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The 21st Century Classroom: Ten Predictions for the Future of Public Education

September 03, 2008

21st_century_circle_2Public school is back in session, and Pete and Andy (my sons) seem to have made the transition to 10th grade without skipping a beat. The public school system here (District 3 in Manhattan) has worked well for us over the years; the boys have attended public schools since preschool and for the most part have had wonderful, dedicated teachers, been exposed to a broad range of activities (music, arts, field trips), and have made lots of friends. I was especially impressed by the math and science instruction they received at their excellent middle school (less so by the math curriculum in elementary school), and have been delighted by the student-teacher ratio and quality of instruction at Pete's small, specialized high school (less so by same at Andy's ginormous specialized high school).

Still, I worry about my boys and their peers. Are we -- parents as well as the public and private sectors -- doing all we can to ensure they will be able to compete in the always-on, globalized economy of the 21st century. Consider this:

In 1900, 8 out of 10 jobs involved building things with your hands. In 2010, 8 out of 10 jobs will involve working with ideas. In large part, the bricks and mortar of the industrial age have been replaced. Concepts and connections now lay the foundation for the 21st Century. A recent survey of over 400 employers in the US shows thinking skills are among the most important skills found in new hires. Whether the goal is professional success, personal self-fulfillment, national competitiveness in science and technology, or solving complex global problems, new skills are needed to thrive. The 21st century knowledge age requires people: to be adept thinkers and learners; to use and build knowledge; to differentiate and combine, compare and contrast, and construct and deconstruct ideas. In short, in the knowledge age people will need to be knowledge-able.... (source: Edgewood College, Madison, Wisconsin)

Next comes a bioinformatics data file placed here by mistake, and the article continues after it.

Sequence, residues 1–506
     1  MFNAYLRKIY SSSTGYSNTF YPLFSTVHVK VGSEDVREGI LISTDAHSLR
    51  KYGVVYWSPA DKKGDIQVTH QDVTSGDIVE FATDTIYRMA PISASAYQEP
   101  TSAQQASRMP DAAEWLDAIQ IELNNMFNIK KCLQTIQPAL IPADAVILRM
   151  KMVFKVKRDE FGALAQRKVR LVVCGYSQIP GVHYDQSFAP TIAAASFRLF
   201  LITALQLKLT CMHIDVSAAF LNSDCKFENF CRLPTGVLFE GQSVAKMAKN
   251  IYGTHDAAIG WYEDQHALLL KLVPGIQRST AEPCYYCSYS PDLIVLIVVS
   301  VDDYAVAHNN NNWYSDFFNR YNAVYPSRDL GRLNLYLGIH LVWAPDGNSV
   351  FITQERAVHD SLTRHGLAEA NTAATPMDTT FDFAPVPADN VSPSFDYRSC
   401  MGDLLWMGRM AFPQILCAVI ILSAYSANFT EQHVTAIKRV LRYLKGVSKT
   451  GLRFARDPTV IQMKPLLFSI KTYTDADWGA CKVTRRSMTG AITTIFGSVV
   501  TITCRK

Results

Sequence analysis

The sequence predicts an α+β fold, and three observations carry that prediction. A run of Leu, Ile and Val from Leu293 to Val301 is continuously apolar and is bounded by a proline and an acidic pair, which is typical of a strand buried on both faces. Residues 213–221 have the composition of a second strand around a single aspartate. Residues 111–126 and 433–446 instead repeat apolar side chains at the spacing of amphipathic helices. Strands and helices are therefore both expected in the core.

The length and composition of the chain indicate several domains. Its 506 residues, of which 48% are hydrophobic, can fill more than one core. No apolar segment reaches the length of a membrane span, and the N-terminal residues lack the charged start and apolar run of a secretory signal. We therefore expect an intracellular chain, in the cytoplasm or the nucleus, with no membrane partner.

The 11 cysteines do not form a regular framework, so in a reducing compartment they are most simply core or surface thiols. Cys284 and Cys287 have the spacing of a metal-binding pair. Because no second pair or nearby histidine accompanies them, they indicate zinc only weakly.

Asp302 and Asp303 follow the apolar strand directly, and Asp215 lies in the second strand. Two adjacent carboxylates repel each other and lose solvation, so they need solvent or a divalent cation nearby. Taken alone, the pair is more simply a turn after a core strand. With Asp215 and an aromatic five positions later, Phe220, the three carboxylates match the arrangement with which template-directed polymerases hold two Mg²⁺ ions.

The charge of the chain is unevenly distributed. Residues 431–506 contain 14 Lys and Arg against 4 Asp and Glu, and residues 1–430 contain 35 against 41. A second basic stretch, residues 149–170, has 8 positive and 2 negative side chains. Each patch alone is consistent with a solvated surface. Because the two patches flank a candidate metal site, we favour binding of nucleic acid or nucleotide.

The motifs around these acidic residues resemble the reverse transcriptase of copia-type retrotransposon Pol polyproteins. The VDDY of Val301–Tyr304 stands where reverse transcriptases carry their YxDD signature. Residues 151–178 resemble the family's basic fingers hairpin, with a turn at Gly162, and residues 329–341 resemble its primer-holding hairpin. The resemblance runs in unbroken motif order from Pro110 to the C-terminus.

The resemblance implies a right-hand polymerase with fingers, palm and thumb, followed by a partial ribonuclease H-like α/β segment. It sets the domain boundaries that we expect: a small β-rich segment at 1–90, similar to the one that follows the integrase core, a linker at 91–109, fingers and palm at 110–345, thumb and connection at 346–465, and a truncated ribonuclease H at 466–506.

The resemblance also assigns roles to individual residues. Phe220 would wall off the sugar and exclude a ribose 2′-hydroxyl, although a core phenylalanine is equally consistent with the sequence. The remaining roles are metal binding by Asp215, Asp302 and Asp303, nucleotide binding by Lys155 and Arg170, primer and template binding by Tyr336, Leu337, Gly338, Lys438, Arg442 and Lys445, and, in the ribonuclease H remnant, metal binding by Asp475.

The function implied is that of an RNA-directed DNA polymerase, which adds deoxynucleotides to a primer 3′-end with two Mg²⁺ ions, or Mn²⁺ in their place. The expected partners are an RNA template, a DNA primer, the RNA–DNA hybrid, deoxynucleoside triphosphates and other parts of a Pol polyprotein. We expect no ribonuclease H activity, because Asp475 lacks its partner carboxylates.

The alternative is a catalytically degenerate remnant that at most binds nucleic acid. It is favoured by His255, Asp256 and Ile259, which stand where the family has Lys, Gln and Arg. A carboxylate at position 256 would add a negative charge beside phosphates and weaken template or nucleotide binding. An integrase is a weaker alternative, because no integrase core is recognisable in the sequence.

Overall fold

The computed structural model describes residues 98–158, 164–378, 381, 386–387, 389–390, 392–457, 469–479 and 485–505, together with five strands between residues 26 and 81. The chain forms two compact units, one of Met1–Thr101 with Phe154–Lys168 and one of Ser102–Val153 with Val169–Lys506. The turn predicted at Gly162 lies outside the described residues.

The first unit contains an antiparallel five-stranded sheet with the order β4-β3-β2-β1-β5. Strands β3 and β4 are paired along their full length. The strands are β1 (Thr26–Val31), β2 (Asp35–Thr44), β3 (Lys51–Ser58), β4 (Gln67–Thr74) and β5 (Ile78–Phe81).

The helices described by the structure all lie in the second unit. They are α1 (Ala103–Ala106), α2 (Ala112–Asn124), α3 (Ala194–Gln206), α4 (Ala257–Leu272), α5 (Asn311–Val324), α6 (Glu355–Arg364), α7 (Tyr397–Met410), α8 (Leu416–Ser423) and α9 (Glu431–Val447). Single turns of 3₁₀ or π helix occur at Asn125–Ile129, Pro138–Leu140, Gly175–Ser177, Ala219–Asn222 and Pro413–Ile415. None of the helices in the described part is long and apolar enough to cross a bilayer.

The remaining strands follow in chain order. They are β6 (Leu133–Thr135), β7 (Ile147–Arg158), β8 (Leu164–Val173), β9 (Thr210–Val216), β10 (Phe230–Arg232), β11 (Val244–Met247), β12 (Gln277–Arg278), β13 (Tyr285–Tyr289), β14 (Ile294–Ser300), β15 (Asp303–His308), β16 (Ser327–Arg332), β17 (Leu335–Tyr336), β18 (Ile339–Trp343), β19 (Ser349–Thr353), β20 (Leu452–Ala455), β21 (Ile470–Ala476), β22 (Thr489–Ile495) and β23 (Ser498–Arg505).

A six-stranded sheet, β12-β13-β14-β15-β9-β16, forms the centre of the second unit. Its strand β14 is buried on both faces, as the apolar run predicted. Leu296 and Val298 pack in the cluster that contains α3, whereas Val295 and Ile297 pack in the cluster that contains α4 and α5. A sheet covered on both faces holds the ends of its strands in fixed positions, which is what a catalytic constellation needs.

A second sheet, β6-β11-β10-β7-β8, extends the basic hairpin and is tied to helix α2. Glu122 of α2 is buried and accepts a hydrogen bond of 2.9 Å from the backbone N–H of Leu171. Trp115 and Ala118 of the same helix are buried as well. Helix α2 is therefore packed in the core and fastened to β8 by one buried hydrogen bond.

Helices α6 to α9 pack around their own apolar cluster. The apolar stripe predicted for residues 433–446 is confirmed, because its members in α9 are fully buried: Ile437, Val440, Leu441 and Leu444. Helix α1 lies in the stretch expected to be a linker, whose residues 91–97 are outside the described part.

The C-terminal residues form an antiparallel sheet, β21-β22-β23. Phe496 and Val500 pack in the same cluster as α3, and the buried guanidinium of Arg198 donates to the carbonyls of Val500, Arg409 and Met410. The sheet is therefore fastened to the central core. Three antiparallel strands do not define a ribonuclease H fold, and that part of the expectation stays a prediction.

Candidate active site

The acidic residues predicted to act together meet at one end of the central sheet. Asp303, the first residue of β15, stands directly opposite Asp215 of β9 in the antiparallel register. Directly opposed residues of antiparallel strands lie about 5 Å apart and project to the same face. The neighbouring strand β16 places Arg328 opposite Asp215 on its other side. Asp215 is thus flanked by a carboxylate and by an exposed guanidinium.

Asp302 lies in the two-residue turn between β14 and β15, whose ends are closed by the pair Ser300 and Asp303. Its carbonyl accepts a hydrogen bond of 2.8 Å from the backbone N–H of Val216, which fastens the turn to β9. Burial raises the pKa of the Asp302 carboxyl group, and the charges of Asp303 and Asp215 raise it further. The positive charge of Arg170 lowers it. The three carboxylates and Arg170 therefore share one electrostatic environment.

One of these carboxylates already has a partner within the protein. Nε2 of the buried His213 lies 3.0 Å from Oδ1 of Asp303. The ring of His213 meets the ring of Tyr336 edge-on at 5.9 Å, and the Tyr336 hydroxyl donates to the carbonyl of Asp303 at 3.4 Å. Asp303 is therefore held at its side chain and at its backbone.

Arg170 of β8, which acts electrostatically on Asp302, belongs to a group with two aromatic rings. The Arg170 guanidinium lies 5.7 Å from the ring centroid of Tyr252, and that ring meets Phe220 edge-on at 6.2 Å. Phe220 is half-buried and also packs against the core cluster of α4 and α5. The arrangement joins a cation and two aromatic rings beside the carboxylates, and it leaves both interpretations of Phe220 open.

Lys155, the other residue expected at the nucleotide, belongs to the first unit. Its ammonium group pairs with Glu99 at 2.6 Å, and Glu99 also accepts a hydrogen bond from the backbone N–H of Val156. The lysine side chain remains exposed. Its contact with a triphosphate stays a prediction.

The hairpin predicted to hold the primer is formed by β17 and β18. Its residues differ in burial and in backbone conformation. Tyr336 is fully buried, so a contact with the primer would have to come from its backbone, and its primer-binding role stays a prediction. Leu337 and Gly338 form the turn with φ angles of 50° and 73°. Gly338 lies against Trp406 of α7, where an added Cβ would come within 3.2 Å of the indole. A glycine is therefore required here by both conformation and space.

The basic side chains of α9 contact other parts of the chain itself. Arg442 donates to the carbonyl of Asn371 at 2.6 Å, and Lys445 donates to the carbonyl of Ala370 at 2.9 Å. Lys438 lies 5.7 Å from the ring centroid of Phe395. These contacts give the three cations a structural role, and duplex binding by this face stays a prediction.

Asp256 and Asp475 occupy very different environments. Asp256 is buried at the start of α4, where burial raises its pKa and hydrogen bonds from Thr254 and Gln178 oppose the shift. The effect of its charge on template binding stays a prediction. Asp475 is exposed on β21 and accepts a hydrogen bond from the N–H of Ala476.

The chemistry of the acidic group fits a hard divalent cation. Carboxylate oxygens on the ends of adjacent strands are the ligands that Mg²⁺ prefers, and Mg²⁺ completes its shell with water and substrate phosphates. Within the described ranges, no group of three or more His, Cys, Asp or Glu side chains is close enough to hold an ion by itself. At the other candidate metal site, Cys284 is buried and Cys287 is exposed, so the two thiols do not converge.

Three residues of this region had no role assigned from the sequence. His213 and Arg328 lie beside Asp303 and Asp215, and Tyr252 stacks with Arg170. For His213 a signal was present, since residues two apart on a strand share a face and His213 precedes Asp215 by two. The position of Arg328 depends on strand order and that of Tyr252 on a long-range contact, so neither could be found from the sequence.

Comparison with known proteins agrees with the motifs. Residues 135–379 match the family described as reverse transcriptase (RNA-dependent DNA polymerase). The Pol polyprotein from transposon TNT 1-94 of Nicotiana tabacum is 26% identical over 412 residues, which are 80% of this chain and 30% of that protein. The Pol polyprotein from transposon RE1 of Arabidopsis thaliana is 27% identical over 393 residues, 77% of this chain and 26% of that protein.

I couldn't agree more, which is probably why this list of predictions from Edutopia, the content-rich multimedia site and magazine published by the George Lucas Educational Foundation, caught my attention:

1. Full-Service Schools: Where Success Is More Than Academic. "For every educator who has tried to play therapist, nurse, job counselor, nutritionist, and family advocate to her students while still fulfilling the duties of her own job -- imagine a school where there's actually a professional to fill each of those roles. That's the goal of a growing number of communities that are creating full-service community schools, in which service agencies and schools team up to meet a whole range of children's social, emotional, and academic needs, using the school building as a hub...." (cont.)

2. In the Trenches: Community Activism Plays a Starring Role in Education Reform. "This year, the rising tide of community-based organizations working for education reform will prove an indispensable part of the education system as a whole. Policy makers and philanthropic funders are taking note of the power of grassroots activism to shape political will, communicate local needs, and create long-lasting change in struggling schools...." (cont.)